10. Features of a CAP-style system • All built on a mechanized meta logic (e.g., Coq) • Both the machine-level program and the property are specified by formulas in the meta logic • Like TLA except our meta logic is mechanized • Hoare-style assertions & inference rules enforce both the correctness & type safety properties • No need of a separate type system; not a “refinement” • Assertion languages can vary: • Borrow those from Coq (shallow embedding) --- CAP • Hybrid: Coq assertions + a thin layer of syntax --- XCAP

  11. TAL vs. CAP • Type-based Approach • TAL [Morrisett98] • Touchstone PCC [Colby00] • Syntactic FPCC[Hamid02] • FTAL [Crary03] • LTAL[Chen03] • … • Modular • Generate proof easily • Type safety • Logic-based Approach • Original PCC [Necula98] • CAP [Yu03] • CCAP/CMAP [Yu04, Feng05] • XCAP [Ni & Shao 06] • SCAP [Feng et al 06] • … • Expressive • Advanced properties • Good interoperability

  12. SCAP [Feng et al PLDI’06] XCAP [Ni & Shao POPL’06] This talk! We also show how to embed TAL into our new XCAP! Can we have the best of both worlds? • Can a Hoare-style CAP system support: • embedded code pointers? • closures? • exceptions? • runtime stacks? • general references w. weak update? • recursive data structures?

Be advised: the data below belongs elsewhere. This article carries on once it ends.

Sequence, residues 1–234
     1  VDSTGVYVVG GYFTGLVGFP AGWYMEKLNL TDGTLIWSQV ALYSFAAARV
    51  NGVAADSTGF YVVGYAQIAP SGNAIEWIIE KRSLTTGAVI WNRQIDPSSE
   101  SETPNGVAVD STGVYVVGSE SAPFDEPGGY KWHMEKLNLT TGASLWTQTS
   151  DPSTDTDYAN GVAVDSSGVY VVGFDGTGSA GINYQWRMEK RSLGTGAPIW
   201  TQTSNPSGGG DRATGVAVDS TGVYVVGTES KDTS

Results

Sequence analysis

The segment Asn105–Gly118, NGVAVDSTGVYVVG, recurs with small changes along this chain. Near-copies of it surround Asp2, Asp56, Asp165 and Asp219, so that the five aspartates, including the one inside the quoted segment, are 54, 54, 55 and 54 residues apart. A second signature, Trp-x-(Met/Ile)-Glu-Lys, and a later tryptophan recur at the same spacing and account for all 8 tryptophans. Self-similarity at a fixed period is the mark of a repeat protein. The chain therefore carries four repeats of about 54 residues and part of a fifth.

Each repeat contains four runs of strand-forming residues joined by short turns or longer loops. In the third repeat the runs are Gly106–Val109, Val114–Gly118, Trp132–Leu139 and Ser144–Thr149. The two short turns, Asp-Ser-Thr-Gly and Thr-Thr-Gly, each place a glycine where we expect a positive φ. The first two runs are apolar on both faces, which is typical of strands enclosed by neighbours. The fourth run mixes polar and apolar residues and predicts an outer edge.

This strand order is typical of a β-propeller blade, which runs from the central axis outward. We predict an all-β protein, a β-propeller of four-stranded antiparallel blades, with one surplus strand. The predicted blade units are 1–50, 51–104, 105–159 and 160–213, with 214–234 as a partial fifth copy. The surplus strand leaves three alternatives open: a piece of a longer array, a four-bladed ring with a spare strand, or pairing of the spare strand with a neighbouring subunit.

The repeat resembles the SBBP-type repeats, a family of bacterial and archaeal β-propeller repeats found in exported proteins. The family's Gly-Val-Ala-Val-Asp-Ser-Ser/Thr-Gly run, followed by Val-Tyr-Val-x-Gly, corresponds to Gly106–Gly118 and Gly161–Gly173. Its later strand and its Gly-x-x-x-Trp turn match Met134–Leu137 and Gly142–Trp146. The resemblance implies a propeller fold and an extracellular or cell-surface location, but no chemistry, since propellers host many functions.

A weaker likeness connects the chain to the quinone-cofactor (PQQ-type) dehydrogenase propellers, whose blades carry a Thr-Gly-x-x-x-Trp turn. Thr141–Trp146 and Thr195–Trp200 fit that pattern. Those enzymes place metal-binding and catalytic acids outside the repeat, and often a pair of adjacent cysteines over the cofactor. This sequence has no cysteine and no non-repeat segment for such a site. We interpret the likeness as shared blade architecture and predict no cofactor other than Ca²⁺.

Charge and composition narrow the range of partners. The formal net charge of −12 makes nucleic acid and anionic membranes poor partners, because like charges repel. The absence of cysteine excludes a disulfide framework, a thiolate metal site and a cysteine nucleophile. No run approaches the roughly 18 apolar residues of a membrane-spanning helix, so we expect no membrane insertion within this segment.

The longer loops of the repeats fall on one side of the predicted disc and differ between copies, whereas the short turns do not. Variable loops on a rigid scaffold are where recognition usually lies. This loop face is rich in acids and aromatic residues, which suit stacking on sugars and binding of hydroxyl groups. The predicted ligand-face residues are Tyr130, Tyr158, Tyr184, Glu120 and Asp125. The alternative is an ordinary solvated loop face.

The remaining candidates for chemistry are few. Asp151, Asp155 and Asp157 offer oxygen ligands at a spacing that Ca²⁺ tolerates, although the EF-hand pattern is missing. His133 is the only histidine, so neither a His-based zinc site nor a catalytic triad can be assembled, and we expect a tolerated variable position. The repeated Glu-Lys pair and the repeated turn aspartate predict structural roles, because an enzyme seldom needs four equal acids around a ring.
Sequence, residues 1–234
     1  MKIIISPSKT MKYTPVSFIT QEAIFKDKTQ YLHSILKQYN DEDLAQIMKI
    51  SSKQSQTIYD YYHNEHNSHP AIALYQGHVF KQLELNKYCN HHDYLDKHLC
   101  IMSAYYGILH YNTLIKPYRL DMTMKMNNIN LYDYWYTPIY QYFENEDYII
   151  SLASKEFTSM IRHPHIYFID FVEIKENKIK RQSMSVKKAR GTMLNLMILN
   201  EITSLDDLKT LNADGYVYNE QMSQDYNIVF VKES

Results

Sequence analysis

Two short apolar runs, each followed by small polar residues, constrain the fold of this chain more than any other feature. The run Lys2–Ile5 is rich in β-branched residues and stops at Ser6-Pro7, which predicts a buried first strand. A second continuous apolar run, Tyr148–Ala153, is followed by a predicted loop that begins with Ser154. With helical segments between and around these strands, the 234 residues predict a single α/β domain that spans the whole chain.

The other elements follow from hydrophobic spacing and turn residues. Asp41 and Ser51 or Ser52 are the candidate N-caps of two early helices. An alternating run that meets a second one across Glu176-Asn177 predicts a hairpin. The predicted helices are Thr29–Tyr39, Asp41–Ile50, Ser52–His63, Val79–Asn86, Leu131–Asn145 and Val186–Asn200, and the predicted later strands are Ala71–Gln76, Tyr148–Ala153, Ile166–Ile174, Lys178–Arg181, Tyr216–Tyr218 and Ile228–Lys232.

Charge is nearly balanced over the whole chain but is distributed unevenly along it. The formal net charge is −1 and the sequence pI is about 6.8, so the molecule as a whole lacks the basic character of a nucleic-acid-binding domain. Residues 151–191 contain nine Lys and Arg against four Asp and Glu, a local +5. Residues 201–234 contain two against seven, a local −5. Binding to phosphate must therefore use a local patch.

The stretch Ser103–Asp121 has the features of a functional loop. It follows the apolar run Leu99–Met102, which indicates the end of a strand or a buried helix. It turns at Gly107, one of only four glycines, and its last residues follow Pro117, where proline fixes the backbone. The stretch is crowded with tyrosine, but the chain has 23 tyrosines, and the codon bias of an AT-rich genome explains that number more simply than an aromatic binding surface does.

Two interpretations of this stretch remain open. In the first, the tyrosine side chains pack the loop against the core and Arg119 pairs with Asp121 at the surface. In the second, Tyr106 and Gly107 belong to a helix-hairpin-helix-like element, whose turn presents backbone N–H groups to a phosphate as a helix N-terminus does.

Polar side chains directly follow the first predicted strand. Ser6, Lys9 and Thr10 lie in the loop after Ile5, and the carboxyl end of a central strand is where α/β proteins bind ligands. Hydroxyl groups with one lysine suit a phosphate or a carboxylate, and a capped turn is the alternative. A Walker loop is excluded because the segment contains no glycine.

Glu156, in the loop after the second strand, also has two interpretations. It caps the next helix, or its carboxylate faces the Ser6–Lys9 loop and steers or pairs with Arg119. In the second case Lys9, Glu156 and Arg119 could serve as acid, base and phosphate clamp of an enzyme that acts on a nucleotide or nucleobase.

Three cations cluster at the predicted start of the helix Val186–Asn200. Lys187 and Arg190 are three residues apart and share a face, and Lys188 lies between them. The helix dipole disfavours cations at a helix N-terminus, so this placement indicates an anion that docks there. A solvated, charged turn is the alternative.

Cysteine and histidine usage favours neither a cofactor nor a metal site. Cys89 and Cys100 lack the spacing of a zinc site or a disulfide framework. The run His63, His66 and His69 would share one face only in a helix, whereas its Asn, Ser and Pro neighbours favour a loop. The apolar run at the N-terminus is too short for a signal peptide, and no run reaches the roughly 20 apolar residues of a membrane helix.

13. Syntax of target machine TM

  14. Operational semantics of TM

  15. Mechanized meta logic All implemented in the Coq proof assistant!

  16. XCAP assertion language

  17. Validity rules for PropX [P] = ¢` P

  18. Soundness of interpretation

  19. XCAP inference rules: top level

  20. XCAP inference rules: instructions

  21. Soundness of XCAP

  22. Memory mutation in XCAP? • Strong update! • special conjunction (p * q) in separation logic • directly definable in Prop and PropX • explicit alias control, popular in system level • Weak update (general reference)? • mutable reference (int ref) in ML • managed data pointers (int __gc*) in .NET • rely on GC to recycle memory

  23. XCAP extension: general reference

  24. XCAP ext.: supporting weak update

  25. Recursive specification in XCAP? • Simple recursive data structures! • linked list, queue, stack, tree, etc. • supported via inductive definition of Prop • Complex recursive structures with ECP? • object (self refers to the entire object) • threading invariant (each thread assumes others)

  26. XCAP ext.: recursive predicates

  27. TAL: type definitions

  28. TAL typing rules: top level

  29. TAL typing rules: instructions

  30. TAL typing rules: instructions (cont’d)

  31. TAL uses “syntactic” subtyping!

  32. Well-formed state in TAL

  33. TAL-to-XCAP translation Step #1: we build a “logic-based” TAL that uses semantic subtyping Step #2: translating regular TAL into “logic-based” TAL (this is fairly straight-forward!) Step #3: translating “logic-based” TAL into XCAP

  34. TAL-to-XCAP: translating value types

  35. TAL-to-XCAP: other translations • translation of preconditions • translation of code heap types • translation of data heap types

  36. TAL-to-XCAP: typing preservation

  37. TAL userapplication library devicedriver OSkernel XCAP firmware Conclusion XCAP can be extended to support general reference, weak update, and recursive specification ! We give a direct embedding of TAL into XCAP.